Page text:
This might be very basic or even silly to experts here but I wanted to get my head around this. Most of the times I generally write hex values like this in C:
unsigned int a = 0xFFFF1232;
Let's say I am trying to extract the first and last 16-bits then I can simply do:
unsigned short high = a >> 16; // Gives me 0xFFFF unsigned short low = a & 0x0000FFFF; // Gives me 0x00001232 which is then stored as 0x1232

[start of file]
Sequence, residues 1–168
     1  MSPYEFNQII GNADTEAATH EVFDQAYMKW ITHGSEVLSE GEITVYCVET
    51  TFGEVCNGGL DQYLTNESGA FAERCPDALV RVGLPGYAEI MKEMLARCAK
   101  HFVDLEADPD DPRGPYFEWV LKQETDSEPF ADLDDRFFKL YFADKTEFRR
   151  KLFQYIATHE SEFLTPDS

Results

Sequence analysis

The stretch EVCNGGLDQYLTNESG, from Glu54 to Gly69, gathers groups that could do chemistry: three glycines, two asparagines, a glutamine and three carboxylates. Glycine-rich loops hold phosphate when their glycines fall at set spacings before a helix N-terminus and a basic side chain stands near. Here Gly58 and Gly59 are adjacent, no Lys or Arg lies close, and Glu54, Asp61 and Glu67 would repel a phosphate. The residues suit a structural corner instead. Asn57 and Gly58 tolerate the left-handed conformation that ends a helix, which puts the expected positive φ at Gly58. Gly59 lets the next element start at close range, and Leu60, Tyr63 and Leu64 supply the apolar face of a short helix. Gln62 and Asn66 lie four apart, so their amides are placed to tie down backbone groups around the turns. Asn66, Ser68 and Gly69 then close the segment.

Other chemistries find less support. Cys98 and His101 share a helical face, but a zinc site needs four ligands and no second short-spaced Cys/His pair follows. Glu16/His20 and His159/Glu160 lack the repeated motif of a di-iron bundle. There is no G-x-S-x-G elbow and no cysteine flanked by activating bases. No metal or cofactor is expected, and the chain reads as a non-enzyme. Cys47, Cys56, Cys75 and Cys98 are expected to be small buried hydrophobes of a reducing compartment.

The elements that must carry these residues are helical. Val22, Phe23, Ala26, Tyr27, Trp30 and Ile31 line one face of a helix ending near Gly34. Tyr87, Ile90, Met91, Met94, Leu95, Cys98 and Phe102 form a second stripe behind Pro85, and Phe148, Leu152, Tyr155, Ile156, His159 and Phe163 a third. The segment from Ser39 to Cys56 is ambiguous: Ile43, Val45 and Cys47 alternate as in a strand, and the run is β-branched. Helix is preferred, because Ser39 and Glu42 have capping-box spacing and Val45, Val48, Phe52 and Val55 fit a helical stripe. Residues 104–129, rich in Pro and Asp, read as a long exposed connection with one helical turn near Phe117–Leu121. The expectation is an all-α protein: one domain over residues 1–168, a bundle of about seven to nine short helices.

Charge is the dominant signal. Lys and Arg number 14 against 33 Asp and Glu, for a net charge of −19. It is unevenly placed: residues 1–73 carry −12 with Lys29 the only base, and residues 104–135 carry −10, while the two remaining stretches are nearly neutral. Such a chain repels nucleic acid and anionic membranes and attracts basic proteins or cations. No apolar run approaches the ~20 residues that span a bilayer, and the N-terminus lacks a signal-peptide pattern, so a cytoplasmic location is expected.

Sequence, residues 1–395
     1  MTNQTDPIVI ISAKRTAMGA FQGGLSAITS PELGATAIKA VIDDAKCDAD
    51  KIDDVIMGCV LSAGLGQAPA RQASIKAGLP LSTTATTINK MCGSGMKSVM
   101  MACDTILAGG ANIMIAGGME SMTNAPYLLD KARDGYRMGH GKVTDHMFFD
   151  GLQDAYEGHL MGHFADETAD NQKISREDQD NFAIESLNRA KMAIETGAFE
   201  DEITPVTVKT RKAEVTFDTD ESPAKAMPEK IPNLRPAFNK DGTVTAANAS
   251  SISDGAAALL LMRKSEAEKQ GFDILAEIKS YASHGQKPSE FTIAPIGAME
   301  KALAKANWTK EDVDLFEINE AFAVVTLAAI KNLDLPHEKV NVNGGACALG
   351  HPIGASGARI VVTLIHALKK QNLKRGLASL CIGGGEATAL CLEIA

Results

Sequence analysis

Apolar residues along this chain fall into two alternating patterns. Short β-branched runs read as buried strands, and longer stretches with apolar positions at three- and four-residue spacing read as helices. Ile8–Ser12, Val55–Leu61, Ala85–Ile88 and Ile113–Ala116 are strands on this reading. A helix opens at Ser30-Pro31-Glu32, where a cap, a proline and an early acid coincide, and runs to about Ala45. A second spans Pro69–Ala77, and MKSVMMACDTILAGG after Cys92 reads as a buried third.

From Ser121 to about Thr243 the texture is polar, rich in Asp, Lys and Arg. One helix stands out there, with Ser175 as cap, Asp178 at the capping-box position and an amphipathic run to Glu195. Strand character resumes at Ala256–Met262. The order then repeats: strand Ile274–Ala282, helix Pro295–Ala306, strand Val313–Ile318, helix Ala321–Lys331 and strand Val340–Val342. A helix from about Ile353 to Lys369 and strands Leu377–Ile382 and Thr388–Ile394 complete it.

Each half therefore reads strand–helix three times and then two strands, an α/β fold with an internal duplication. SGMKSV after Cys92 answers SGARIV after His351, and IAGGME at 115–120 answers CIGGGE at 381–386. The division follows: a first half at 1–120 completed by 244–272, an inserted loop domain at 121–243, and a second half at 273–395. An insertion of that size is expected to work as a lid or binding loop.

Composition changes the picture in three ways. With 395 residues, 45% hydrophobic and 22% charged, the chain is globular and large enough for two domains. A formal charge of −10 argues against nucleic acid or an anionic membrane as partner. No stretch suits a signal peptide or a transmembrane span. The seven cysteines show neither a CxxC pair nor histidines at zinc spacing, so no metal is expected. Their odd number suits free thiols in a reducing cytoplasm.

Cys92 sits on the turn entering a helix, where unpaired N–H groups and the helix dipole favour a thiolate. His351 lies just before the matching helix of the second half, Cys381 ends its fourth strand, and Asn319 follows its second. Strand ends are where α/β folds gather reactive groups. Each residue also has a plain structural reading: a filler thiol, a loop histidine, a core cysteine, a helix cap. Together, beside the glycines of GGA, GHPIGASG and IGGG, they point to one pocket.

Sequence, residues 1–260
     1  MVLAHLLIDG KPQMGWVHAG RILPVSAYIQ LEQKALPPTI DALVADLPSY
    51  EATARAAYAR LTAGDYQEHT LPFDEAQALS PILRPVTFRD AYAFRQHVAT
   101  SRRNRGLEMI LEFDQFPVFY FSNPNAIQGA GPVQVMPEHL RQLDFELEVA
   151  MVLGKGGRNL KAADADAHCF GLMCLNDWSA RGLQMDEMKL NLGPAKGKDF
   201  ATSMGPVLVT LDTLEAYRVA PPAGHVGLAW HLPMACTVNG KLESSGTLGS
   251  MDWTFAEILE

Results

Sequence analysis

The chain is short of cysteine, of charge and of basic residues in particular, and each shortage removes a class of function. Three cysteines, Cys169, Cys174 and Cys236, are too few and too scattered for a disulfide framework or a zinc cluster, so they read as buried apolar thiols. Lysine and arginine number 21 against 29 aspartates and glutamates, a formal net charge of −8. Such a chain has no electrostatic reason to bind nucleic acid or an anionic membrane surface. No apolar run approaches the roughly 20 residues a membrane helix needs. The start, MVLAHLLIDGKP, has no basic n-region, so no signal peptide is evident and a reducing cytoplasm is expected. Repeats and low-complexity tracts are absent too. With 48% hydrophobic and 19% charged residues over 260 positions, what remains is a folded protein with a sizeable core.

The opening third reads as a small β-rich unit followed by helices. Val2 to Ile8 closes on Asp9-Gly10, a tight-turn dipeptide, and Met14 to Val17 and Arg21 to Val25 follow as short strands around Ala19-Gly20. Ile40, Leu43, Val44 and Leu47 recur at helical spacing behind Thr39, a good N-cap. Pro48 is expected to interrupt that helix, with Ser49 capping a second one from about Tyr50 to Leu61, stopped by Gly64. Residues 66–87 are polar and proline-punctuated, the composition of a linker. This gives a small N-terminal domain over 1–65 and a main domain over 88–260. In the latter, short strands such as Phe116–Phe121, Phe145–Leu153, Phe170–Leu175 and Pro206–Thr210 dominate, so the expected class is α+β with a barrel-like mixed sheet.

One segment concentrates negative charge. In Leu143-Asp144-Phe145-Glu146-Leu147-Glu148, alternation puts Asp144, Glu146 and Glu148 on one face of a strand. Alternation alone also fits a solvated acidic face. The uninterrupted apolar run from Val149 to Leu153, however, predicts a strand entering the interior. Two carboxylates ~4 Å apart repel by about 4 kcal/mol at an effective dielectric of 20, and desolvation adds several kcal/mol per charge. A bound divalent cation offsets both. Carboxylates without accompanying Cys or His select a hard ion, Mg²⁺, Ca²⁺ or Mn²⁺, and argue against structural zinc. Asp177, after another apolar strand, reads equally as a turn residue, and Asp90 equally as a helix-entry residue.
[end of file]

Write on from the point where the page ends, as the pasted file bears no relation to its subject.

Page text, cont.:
In some of the code I am reading I have come across the following:
unsigned short high = a >> 16; unsigned short low = a & 0xFFFF;
I have two questions
- When you are
ANDing a 32-bit value with a mask, why do people write
0x0000FFFF? Is it to keep it compact?
- Is it always safe to write
0xFFFF? Is it interpreted differently in any context?